AWS Database Blog

Creating an Amazon CloudWatch dashboard to monitor Amazon RDS and Amazon Aurora MySQL

Amazon Relational Database Service (Amazon RDS) makes it easy to set up, operate, and scale a relational database in the cloud. A highly performant database is key to delivering latency SLAs, so monitoring is critical. Amazon CloudWatch is a monitoring and observability service built for DevOps engineers, developers, site reliability engineers (SREs), and IT managers. Amazon RDS sends metrics to CloudWatch for each active database instance every minute. Monitoring is enabled by default. For example, Amazon RDS sends CPU utilization, the number of database connections in use, freeable memory, network throughput, read and write IOPS information, and more.

As a part of Amazon RDS for MySQL database performance monitoring, it’s important to keep an eye on slow query logs and error logs in addition to default monitoring. Slow query logs help you find slow-performing queries in the database so you can investigate the reasons behind the slowness and tune the queries if needed. Error logs help you to find the query errors, which further helps you find the changes in the application due to those errors. However, monitoring these logs manually through log files (on the Amazon RDS console or by downloading locally) is a time-consuming process.

This post talks about monitoring the slow query log and error log by creating a CloudWatch dashboard using Amazon CloudWatch Logs Insights (which enables you to interactively search and analyze your log data in Amazon CloudWatch Logs). It also covers application host metrics that help you monitor your application host. This dashboard also includes some database-related metrics to troubleshoot performance issues, which we discuss in the post.

Pre-requisites

Before you get started, you must complete the following prerequisites:

  1. Create an RDS for MySQL instance or Aurora MySQL cluster and make sure you selected the option to publish error and slow query logs to CloudWatch.
  1. Make sure the CloudWatch log group is created and logs are published to CloudWatch by looking at the log groups.
  2. You can also encrypt log data using AWS Key Management Service (AWS KMS). For instructions, see Encrypt Log Data in CloudWatch Logs Using AWS Key Management Service.

Solution overview

In this post, we cover the following high-level steps:

  • Creating the CloudWatch dashboard manually
  • Creating the CloudWatch dashboard using a template
  • Viewing the CloudWatch dashboard

Creating the CloudWatch dashboard manually

This section discusses creating the CloudWatch dashboard with database metrics like the following:

  • DatabaseConnections
  • Deadlocks
  • DeleteLatency
  • UpdateLatency
  • InsertLatency
  • SelectLatency
  • CommitLatency
  • CommitThroughput
  • DMLThroughput
  • DeleteThroughput
  • InsertThroughput
  • SelectThroughput
  • UpdateThroughput

The available metrics depend on the database engine. For more information about supported metrics, see Overview of monitoring Amazon RDS and Monitoring Amazon Aurora DB cluster metrics.

The following steps are specifically for creating a metric dashboard that applies to the entire cluster (aggregated numbers from all cluster instances). If you want to create instance-specific widgets, you need to look for instances and use DB instance identifiers instead of clusters and DB cluster identifiers.

  1. On the Amazon CloudWatch console, under Dashboards, choose Create dashboard.
  2. For Name, enter a name, for example demo-mysql-dev.
  3. Choose Create dashboard.
  4. Choose Logs table as your widget type.
  5. Choose Next.
  6. Find your log group.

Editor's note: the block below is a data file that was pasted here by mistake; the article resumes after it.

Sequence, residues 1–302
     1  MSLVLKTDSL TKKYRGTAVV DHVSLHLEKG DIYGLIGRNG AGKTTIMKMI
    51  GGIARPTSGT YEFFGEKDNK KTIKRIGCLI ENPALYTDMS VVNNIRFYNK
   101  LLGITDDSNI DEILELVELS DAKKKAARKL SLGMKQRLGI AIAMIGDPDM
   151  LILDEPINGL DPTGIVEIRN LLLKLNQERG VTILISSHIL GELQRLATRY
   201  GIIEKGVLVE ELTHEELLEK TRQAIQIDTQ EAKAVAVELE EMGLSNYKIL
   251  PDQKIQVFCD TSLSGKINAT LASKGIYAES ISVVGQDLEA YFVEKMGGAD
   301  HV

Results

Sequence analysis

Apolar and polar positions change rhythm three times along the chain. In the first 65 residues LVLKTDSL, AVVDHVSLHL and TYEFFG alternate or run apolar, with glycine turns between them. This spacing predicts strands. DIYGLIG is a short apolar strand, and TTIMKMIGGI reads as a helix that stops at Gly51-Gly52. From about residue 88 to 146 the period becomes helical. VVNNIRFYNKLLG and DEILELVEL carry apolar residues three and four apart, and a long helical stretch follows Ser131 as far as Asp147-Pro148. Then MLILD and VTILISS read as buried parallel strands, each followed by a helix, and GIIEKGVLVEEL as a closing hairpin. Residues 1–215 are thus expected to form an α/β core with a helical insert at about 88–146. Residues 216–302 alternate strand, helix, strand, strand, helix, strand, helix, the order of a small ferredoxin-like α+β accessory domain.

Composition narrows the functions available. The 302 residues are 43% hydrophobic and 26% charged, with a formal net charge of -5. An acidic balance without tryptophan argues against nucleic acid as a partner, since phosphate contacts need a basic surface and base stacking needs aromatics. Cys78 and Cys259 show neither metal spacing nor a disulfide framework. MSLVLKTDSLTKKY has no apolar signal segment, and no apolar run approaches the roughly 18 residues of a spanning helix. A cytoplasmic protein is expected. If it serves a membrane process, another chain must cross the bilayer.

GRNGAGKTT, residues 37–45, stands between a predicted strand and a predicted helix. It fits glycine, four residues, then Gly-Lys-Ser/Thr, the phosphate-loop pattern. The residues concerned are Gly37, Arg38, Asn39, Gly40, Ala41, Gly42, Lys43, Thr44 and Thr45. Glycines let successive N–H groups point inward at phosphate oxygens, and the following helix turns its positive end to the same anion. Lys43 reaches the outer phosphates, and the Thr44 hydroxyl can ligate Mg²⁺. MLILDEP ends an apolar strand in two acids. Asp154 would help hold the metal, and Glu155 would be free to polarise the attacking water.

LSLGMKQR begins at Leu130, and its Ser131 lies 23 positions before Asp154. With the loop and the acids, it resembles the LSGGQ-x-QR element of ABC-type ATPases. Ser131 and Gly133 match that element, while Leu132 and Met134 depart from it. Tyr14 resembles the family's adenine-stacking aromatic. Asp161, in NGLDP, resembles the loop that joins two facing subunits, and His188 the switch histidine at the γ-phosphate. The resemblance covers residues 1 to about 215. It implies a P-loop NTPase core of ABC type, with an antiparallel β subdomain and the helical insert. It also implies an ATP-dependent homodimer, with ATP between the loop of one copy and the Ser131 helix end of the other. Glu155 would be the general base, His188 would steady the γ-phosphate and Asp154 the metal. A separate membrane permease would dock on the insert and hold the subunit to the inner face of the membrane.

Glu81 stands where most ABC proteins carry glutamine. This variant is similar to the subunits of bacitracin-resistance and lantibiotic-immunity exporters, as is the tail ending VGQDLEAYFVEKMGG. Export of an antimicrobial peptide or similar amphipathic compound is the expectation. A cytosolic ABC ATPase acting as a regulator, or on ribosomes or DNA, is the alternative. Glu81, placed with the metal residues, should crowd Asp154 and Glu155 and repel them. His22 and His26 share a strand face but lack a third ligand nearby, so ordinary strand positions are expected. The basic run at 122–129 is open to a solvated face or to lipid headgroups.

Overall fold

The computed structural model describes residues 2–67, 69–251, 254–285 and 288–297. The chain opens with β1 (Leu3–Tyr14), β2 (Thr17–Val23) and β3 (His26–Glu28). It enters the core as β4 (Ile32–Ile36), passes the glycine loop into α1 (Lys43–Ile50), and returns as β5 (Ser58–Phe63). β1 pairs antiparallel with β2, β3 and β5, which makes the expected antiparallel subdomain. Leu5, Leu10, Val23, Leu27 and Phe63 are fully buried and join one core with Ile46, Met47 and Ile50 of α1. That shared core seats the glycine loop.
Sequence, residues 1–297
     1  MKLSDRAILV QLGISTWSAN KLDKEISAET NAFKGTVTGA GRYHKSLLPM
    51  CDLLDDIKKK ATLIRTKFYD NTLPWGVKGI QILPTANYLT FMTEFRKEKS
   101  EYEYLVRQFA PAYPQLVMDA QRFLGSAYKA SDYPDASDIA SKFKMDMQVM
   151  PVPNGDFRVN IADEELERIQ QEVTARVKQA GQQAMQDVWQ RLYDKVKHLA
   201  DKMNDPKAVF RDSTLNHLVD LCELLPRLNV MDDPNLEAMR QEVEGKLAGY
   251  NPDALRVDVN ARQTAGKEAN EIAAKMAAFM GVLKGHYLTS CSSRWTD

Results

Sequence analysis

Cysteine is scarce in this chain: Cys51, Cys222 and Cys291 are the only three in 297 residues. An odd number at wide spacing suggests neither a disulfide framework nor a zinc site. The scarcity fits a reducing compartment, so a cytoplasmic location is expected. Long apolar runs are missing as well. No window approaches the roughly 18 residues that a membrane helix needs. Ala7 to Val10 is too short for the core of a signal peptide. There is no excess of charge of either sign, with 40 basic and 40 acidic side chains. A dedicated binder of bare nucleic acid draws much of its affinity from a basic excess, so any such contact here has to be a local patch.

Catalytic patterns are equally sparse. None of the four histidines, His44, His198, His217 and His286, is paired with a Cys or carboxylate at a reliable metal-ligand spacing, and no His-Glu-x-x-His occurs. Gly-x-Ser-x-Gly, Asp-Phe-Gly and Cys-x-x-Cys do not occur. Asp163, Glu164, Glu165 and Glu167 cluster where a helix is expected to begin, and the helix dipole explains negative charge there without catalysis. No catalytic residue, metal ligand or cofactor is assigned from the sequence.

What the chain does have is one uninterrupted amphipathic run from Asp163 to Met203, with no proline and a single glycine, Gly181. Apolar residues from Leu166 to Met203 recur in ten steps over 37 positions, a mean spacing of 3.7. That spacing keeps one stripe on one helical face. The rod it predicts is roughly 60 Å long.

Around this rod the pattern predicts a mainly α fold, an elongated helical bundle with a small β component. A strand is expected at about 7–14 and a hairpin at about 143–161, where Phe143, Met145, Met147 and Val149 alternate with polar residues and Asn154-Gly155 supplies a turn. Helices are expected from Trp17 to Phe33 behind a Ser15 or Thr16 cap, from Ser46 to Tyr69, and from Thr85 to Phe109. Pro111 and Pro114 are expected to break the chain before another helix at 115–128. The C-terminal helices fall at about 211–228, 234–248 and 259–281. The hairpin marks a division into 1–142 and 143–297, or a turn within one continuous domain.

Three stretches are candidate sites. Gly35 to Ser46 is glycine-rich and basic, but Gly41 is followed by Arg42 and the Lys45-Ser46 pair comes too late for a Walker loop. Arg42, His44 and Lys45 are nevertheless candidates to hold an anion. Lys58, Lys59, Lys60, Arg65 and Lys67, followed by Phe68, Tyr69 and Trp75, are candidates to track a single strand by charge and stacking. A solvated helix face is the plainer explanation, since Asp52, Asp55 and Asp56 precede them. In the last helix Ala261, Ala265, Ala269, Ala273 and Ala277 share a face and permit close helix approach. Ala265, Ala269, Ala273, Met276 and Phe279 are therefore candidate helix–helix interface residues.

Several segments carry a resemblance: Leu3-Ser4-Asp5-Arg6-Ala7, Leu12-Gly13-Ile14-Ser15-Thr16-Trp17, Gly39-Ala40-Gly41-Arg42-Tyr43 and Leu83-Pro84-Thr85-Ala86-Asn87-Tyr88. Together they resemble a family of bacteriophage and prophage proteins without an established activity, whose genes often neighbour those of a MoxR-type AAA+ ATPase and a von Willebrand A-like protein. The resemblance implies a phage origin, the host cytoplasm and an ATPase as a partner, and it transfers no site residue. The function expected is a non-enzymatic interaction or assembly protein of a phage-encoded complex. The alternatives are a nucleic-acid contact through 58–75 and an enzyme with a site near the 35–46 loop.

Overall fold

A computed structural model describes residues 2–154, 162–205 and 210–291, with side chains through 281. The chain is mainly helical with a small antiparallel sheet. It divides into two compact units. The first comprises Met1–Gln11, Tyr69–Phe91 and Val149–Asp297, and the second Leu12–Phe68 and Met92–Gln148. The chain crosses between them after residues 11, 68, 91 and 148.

Log groups for Aurora MySQL and Amazon RDS for MySQL are different (see the following table). Log groups for Aurora MySQL include cluster, whereas log groups for Amazon RDS for MySQL contain instance. Choose the right log group for your slowquery log.

Log Group Aurora MySQL Amazon RDS for MySQL
Slowquery log /aws/rds/cluster/<your DB identifier>/slowquery /aws/rds/instance/<your DB identifier>/slowquery
Error log /aws/rds/cluster/<your DB identifier>/error /aws/rds/instance/<your DB identifier>/error

 

  1. In the text field, enter the following insights query:
    parse @message "# Time: * User@Host: * Id: * Query_time: * Lock_time: * Rows_sent: * Rows_examined: * timestamp=*;*" 
    as Time, User, Id, Query_time,Lock_time,Rows_sent,Rows_examined,timestamp,query | sort Time asc 
  1. Choose Create widget.

  1. Rename the title to Slow queries sorted by time.
  2. Choose Save dashboard.

  1. Choose Add widget.
  2. Repeat the preceding steps to add a widget for the slowquery log, named Slow queries sorted by query time, with the following query:
    parse @message "# Time: * User@Host: * Id: * Query_time: * Lock_time: * Rows_sent: * Rows_examined: * timestamp=*;*" as Time, User, Id, Query_time,Lock_time,Rows_sent,Rows_examined,timestamp,Query
    | display Time, Query_time, Query
    | sort Query_time desc
  1. Choose Add widget.
  2. Repeat the same steps to add a widget for the error log, named Error log file, with the following query:
    filter @message not like /Note/
  1. Choose Add widget to add a widget for the database CPU utilization.
  2. For the widget type, choose Line.
  3. Choose Next.
  4. Select Metrics.
  5. Choose Configure.
  6. Choose RDS.
  7. For DBClusterIdentifier, choose your DB identifier.
  8. For Metric name, choose CPUUtilization.
  9. Choose Create widget.
  10. Choose Add widget to add a widget for the database workload.
  11. For the widget type, choose Line.
  12. Choose Next.
  13. Select Metrics.
  14. Choose Configure.
  15. Choose RDS.
  16. For DBClusterIdentifier, choose your database’s metrics.

The metric list may include CommitThroughput, DMLThroughput, DeleteThroughput, InsertThroughput, SelectThroughput, and UpdateThroughput.

  1. Choose Create widget.

You can also create latency metrics to match with the throughputs.

  1. Choose Add widget to add a widget for the application CPU utilization.
  2. For the widget type, choose Line.
  3. Choose Next.
  4. Select Metrics.
  5. Choose Configure.
  6. Choose EC2.
  7. For Per-Instance Metric, choose your application metrics, such as CPU utilization, network in and out, or disk reads and writes.
  8. Choose Create widget.